8. WeWork doesn't work, Zoom just does

Interest in WeWork has always completely passed me by; it always seemed like overpriced office space with moderately comfortable furniture. The absurd valuation to value a real estate marquee as a technology company came to a screeching halt around the failed IPO, and now the board is reporting, in part due to increased interest rates, that a bankruptcy of WeWork is not ruled out.

Meanwhile, Zoom is asking staff who live within 80 kilometers of the office to come to the office at least two days a week. A reasoned request, interpreted by the media as the end of working from home. It seems like some journalists don't speak to people; I hardly know anyone who works in an organization where working from home is possible, where the pre-pandemic work culture has been restored. It won't be every day, but working from home has become part of working.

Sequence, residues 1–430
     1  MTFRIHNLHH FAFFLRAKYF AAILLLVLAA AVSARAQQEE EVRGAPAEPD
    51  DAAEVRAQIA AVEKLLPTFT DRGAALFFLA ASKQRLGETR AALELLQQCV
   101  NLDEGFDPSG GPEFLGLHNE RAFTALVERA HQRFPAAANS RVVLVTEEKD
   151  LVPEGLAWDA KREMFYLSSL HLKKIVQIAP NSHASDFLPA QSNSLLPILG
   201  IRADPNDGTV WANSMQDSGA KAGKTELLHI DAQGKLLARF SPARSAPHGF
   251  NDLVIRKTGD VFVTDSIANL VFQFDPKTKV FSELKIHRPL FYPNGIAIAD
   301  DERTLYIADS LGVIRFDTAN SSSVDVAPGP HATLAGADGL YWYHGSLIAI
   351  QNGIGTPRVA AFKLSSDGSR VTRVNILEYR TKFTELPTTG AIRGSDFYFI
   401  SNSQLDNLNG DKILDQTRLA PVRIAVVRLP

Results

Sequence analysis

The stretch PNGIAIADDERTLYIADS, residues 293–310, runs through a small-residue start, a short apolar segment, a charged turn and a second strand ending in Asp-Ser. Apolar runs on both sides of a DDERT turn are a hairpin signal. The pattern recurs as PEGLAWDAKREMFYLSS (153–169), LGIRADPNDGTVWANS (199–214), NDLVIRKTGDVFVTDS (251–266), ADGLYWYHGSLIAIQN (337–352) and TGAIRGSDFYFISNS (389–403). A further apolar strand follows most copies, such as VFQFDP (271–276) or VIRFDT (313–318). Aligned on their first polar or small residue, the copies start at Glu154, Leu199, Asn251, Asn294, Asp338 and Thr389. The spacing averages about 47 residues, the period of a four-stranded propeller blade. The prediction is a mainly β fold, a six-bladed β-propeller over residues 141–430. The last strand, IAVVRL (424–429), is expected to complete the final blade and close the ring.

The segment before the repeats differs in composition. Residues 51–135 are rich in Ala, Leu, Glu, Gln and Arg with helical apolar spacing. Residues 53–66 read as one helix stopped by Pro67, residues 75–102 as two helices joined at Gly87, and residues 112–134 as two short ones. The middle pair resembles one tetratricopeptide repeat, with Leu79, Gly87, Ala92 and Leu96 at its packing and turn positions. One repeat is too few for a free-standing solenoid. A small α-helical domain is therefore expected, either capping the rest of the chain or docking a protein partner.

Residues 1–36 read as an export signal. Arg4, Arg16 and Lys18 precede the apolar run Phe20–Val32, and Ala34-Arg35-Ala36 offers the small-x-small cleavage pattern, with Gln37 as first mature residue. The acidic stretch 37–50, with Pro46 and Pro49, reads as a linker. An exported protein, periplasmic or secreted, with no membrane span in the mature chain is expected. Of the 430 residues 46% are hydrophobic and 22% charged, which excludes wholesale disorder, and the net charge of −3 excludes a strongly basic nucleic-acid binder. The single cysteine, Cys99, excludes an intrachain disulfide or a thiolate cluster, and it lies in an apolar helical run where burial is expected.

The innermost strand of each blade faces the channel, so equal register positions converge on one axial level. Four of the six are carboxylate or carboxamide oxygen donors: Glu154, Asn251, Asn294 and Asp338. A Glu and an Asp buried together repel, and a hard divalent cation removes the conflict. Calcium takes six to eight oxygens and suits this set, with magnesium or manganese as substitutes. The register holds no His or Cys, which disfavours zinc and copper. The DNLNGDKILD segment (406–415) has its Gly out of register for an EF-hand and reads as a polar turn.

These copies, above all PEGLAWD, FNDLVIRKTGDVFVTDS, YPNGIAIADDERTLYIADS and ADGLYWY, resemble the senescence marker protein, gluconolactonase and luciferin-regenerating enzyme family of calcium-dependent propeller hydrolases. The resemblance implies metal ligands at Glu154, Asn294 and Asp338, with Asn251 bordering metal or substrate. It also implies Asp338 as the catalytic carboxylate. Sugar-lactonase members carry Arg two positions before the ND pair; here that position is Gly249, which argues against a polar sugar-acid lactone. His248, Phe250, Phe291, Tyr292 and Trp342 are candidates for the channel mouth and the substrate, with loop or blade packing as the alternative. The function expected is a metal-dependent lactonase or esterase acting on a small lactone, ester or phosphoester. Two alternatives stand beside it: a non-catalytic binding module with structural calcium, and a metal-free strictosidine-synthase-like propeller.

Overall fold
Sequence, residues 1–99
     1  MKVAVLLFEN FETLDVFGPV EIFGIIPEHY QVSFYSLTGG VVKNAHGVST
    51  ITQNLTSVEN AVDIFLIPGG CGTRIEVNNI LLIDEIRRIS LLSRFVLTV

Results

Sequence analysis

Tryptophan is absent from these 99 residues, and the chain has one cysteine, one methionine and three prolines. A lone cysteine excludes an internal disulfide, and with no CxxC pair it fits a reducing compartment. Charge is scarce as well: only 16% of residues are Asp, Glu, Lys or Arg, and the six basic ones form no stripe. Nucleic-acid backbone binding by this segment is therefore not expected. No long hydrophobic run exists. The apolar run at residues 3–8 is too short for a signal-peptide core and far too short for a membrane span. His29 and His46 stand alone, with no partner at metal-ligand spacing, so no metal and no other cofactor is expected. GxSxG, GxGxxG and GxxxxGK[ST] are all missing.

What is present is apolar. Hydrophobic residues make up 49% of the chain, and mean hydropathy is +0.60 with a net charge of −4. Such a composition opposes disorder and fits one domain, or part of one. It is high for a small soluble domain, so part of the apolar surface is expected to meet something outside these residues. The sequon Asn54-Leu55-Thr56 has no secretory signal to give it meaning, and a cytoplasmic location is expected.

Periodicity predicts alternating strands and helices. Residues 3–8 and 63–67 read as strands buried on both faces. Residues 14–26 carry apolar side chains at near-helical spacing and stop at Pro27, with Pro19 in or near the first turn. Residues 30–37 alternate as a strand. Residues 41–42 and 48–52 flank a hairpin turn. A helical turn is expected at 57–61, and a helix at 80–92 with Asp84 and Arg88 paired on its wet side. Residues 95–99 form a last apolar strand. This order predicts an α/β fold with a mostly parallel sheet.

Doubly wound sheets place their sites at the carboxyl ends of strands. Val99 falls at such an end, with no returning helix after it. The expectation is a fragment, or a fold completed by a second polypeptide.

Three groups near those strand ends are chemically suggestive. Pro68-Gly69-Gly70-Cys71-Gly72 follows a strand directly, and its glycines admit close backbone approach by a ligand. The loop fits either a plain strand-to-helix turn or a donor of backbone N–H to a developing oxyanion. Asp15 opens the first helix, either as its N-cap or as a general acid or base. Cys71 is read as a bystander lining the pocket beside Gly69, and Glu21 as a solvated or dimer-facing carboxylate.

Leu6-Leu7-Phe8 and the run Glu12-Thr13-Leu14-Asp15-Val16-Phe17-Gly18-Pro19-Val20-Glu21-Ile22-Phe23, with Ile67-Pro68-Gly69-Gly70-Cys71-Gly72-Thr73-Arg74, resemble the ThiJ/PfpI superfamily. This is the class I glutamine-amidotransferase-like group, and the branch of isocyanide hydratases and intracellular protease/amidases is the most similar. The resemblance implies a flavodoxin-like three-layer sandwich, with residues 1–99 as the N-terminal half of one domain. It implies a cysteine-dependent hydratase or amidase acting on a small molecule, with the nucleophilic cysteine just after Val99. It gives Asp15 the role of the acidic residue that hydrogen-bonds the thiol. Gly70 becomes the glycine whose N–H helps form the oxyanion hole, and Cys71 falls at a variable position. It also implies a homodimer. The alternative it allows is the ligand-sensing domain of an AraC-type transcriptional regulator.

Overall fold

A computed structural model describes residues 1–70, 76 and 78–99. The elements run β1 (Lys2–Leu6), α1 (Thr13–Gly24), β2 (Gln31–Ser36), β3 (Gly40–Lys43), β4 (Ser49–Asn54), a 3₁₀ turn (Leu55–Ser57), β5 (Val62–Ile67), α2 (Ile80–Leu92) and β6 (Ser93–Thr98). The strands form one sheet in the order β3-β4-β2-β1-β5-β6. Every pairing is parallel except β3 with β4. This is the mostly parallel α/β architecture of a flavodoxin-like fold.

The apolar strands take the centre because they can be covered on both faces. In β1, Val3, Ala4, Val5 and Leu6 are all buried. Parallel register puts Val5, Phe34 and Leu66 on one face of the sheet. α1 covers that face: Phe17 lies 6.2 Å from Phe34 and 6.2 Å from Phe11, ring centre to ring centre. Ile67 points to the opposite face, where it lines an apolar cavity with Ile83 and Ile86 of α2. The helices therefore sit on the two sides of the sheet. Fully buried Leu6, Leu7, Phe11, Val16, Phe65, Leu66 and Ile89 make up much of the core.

9. The investor is on vacation

Despite the billion-dollar order from China, Nvidia was the week's decliner, but that's not surprising after all the gains this year so far. Otherwise, it was doom and gloom for tech companies, so I thought it would be nice to look at what's happening at companies in the pre-IPO stage. This article on crowdfunding in Europe illustrates the increased interest in climate tech, in technology that combats climate change.